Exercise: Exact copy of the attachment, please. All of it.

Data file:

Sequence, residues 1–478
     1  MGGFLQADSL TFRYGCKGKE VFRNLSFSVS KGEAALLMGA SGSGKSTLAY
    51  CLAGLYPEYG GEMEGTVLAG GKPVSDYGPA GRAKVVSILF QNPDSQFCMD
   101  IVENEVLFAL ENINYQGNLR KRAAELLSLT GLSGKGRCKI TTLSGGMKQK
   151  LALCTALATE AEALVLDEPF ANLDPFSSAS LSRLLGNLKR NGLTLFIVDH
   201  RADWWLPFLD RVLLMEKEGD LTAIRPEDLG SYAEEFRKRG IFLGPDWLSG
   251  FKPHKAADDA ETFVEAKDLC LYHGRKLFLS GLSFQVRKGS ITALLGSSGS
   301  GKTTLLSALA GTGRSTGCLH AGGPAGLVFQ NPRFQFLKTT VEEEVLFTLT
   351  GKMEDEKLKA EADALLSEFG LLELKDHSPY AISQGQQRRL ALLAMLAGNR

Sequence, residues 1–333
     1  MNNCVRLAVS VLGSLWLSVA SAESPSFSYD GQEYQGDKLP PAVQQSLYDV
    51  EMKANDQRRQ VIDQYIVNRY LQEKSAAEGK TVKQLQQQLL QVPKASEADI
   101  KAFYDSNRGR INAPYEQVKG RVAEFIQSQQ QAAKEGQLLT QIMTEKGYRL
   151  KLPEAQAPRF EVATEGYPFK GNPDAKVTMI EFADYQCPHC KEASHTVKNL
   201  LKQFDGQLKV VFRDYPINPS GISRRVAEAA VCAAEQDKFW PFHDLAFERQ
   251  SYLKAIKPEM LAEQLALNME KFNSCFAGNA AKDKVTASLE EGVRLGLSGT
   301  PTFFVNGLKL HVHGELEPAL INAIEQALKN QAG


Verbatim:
Sequence, residues 1–478
     1  MGGFLQADSL TFRYGCKGKE VFRNLSFSVS KGEAALLMGA SGSGKSTLAY
    51  CLAGLYPEYG GEMEGTVLAG GKPVSDYGPA GRAKVVSILF QNPDSQFCMD
   101  IVENEVLFAL ENINYQGNLR KRAAELLSLT GLSGKGRCKI TTLSGGMKQK
   151  LALCTALATE AEALVLDEPF ANLDPFSSAS LSRLLGNLKR NGLTLFIVDH
   201  RADWWLPFLD RVLLMEKEGD LTAIRPEDLG SYAEEFRKRG IFLGPDWLSG
   251  FKPHKAADDA ETFVEAKDLC LYHGRKLFLS GLSFQVRKGS ITALLGSSGS
   301  GKTTLLSALA GTGRSTGCLH AGGPAGLVFQ NPRFQFLKTT VEEEVLFTLT
   351  GKMEDEKLKA EADALLSEFG LLELKDHSPY AISQGQQRRL ALLAMLAGNR

Sequence, residues 1–333
     1  MNNCVRLAVS VLGSLWLSVA SAESPSFSYD GQEYQGDKLP PAVQQSLYDV
    51  EMKANDQRRQ VIDQYIVNRY LQEKSAAEGK TVKQLQQQLL QVPKASEADI
   101  KAFYDSNRGR INAPYEQVKG RVAEFIQSQQ QAAKEGQLLT QIMTEKGYRL
   151  KLPEAQAPRF EVATEGYPFK GNPDAKVTMI EFADYQCPHC KEASHTVKNL
   201  LKQFDGQLKV VFRDYPINPS GISRRVAEAA VCAAEQDKFW PFHDLAFERQ
   251  SYLKAIKPEM LAEQLALNME KFNSCFAGNA AKDKVTASLE EGVRLGLSGT
   301  PTFFVNGLKL HVHGELEPAL INAIEQALKN QAG